Recycled construction materials are used for different applications, depending on how they are processed. Some cantons have taken up the cause of promoting construction material recycling. The canton of Zurich, for example, is strongly committed to the processing of concrete rubble and supports the use of recycled construction materials, and the city of Zurich constructs a large number of its buildings using recycled concrete. 

Recycled construction waste is used for building streets.

“The use of recycled concrete as structural concrete, that is in the construction of buildings, was inconceivable until recently. But the situation has changed radically in recent years,” says Stefan Eberhard, Vice CEO of the company Eberhard Bau AG. In its Ebirec construction materials recycling centre in Rümlang, the company produces among other things structural concrete made entirely from recycled aggregates. “What is crucial in the production of high-quality concrete from recycled materials is a comprehensive knowledge of the processing and concrete technology,”  explains Eberhard. This is the only way that we can go beyond the simple “addition” of demolition material, as is the case with “second-class” recycling, and produce high-quality recycled structural concrete.

The public sector leads the way

The canton of Solothurn also aims to recycle over 90 percent of its mineral construction waste in the future. The basis for this is provided by the canton’s new construction material recycling strategy which contains provisions for the consistent use of recycled construction materials for public buildings and the provision of more information about them. Thilo Arlt from the Canton of Solothurn Office for the Environment explains: “In the canton of Solothurn, around 85 percent of the mineral demolition material produced was recycled in recent years. There is clear potential for increasing this.”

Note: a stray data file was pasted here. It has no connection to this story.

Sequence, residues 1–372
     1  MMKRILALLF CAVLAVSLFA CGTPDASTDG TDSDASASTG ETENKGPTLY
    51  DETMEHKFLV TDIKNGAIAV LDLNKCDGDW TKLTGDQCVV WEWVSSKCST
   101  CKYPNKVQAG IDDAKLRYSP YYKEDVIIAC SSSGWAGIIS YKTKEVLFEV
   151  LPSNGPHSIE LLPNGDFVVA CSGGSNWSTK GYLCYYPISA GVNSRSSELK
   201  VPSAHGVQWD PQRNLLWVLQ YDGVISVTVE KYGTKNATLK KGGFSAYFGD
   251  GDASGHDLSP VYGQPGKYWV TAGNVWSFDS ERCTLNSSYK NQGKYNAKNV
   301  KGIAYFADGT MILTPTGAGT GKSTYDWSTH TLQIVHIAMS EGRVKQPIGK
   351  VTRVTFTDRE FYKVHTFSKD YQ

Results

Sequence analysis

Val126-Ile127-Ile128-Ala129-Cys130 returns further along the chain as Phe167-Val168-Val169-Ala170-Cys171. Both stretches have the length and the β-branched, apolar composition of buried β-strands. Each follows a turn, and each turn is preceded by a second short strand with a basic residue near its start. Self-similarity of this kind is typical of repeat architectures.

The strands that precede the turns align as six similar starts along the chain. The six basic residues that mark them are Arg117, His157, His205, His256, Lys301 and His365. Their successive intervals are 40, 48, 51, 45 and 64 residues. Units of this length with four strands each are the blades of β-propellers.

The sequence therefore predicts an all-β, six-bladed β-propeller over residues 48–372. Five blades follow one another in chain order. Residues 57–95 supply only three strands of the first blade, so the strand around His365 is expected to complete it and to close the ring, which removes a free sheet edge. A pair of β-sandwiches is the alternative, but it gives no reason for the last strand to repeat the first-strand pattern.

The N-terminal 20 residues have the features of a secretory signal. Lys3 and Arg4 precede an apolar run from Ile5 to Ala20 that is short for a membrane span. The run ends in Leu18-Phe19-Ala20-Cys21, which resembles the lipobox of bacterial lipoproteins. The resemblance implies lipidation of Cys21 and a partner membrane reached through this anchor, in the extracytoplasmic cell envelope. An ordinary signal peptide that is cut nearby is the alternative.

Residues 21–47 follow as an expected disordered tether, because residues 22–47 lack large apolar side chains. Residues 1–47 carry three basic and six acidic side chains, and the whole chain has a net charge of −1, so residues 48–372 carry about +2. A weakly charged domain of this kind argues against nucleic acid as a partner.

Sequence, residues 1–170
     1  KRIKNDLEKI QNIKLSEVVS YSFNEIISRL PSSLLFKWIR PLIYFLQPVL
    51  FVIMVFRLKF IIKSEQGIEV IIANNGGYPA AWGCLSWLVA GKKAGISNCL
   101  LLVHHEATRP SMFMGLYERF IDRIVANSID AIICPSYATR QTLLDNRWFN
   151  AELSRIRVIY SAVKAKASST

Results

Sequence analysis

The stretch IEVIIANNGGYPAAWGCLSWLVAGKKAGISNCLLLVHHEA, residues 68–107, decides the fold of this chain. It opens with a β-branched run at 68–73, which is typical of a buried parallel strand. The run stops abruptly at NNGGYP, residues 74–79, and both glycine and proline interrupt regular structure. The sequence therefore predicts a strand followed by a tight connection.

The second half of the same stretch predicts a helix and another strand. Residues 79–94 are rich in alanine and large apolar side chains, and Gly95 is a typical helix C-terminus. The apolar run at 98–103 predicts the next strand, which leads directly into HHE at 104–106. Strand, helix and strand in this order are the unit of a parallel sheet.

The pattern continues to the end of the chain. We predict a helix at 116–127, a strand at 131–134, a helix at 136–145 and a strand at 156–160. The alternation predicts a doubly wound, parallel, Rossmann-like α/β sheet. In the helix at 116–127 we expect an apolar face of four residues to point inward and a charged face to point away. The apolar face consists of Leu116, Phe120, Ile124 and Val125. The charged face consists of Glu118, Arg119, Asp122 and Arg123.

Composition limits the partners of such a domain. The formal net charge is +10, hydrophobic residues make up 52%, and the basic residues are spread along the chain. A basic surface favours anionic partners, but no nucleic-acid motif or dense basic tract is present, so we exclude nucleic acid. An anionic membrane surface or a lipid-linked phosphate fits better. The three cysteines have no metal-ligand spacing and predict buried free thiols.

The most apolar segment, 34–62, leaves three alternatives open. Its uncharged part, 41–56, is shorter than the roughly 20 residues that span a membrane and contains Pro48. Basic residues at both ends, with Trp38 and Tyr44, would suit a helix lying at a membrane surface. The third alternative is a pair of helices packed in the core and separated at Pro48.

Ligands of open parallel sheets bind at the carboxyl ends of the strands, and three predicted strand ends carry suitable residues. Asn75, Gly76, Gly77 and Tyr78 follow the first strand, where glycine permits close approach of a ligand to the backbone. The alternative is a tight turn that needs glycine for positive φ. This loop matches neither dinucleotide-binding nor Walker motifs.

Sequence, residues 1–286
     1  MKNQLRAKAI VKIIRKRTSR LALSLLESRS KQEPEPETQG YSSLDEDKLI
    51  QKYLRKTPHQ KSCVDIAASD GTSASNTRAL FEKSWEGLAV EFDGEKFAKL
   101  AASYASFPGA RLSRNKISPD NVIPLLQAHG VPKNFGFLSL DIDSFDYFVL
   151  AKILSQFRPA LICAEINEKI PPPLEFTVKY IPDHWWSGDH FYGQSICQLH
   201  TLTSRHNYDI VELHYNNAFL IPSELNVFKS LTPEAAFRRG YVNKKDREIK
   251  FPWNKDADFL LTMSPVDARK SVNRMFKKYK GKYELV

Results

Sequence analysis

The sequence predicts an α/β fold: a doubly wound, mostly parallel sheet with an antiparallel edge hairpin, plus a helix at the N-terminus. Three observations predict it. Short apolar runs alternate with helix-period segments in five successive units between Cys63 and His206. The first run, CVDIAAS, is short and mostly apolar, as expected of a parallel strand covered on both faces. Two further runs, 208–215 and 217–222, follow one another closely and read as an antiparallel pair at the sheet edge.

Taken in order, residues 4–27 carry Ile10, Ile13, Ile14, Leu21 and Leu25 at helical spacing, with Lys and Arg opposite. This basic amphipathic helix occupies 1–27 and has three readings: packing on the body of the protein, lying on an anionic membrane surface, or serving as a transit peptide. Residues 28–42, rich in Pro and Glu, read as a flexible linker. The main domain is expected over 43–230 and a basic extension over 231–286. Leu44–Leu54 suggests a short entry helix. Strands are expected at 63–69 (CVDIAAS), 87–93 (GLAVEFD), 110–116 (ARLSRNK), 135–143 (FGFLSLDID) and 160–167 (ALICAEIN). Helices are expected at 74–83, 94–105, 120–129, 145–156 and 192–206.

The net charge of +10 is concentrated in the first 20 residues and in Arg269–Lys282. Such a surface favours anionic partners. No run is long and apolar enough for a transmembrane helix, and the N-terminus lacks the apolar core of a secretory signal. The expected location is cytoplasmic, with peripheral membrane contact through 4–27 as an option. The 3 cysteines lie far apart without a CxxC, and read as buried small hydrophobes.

After being sort, mineral construction waste is chopped.

“Recycling still has an image problem”

Despite this positive development, Hiltbrunner also sees some challenges ahead for the recovery and recycling of construction materials: “Recycled construction materials still have an image problem. If concrete produced from primary material costs the same as recycled material, many people still opt for the primary material.” Moreover, the recycling of construction material is hardly worthwhile when gravel prices are low. The production of concrete in Switzerland today requires around 33 million tonnes of gravel annually – 2 million of this comes from recycling and the rest involves primary consumption.

So how can we improve the acceptance of recycled construction materials? “We have to improve the image of recycling products. From a purely qualitative perspective, recycled construction material is not at all inferior. Its production and quality control are subject to the same generally applicable and strict standards,” says Thilo Arlt. It is important to persuade planners, engineers, architects and clients of the importance of the material-cycle concept and of the functional use of high-quality recycled construction materials.

Laurent Audergon has the following to say in this regard: “The engineering and construction sector is very conservative and has blocked many developments up to now. We must educate architects and engineers and make them aware that the consistent use of recycled materials pays off for their clients, the environment and society.”

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Last modification 17.03.2017